Discipline your son, for there is hope;
do not set your heart on putting him to death.
A man of great wrath will pay the penalty,
for if you deliver him, you will only have to do it again.
Listen to advice and accept instruction,
that you may gain wisdom in the future.
Many are the plans in the mind of a man,
but it is the purpose of the Lord that will stand.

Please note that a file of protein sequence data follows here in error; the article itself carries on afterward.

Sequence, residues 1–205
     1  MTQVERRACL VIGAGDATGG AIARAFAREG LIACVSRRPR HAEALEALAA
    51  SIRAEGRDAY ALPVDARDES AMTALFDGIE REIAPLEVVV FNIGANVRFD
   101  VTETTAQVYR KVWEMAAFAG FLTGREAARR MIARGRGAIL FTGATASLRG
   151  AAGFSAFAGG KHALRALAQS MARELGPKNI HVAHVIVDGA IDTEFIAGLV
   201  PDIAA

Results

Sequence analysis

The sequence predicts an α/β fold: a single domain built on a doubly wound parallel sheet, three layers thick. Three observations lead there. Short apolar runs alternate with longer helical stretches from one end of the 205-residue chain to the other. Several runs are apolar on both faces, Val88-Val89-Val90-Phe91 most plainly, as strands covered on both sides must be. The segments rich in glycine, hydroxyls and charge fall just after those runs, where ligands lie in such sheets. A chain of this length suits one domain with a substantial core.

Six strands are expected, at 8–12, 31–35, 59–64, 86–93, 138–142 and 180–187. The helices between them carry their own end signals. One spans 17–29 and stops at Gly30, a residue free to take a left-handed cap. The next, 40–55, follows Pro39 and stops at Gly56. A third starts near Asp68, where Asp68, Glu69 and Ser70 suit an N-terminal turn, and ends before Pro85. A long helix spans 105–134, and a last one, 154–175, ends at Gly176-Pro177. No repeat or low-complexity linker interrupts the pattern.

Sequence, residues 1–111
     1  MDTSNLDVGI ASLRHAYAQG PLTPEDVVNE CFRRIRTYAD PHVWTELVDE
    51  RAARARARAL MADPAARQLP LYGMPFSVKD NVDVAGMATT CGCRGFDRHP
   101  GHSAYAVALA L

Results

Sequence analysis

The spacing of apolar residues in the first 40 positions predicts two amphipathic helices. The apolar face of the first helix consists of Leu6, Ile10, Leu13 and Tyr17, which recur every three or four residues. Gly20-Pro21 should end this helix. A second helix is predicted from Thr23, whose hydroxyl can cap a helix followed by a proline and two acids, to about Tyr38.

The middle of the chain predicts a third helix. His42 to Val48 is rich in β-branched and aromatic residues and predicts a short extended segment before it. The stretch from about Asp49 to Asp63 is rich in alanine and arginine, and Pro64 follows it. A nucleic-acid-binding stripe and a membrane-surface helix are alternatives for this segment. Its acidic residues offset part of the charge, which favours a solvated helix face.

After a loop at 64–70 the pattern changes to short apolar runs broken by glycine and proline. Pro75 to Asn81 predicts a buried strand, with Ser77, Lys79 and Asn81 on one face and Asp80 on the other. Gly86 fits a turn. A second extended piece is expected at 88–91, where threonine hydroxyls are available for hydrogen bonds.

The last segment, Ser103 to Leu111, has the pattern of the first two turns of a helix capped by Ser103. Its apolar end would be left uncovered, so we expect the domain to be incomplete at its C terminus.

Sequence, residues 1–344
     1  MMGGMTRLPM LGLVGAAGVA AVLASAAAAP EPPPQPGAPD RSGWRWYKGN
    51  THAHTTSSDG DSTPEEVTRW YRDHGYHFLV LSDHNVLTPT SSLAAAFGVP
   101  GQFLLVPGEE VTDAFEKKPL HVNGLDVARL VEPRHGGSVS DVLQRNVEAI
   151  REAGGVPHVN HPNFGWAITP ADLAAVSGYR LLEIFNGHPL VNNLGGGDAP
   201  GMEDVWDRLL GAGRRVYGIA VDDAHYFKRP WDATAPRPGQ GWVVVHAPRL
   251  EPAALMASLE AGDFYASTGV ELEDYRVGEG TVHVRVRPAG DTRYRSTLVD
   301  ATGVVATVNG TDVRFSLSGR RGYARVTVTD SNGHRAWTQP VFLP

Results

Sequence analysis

The RSV rendering of 18 should be followed, giving the meaning that failure to discipline one's son is tantamount to destroying him. A mistaken sense of leniency is a killer. This has been borne out by recent observations by psychiatrists to the effect that the problems caused by the strict disciplining of children are much more amenable to treatment than the problems caused by giving them a free hand and allowing them to do as they please. In 19 the teaching is that a quick temper that has refused discipline will be a constant and repeated source of trouble to the one who displays it. Therefore, on the basis that prevention is better than cure, such an one should be referred to 11 and 12, and advised to give these verses earnest study and consideration. The implication in 20 is that it is not a very great compliment to anyone to land up in middle age and still be a fool, and still not have learned anything worth learning. Wisdom is a long-term investment. There may be a connection between 20 and 21 -certainly the acquisition of wisdom is in the Lord's will for us, and if our many and ambitious plans for our own lives are not in line with the counsel and purpose of the Lord, they will come to grief, and we will too, if we hold on to them. This is one of the areas in life where we can see how practical the doctrine of divine sovereignty is. The old saying, 'Man disposes, God proposes' is a very true one, here as elsewhere in life.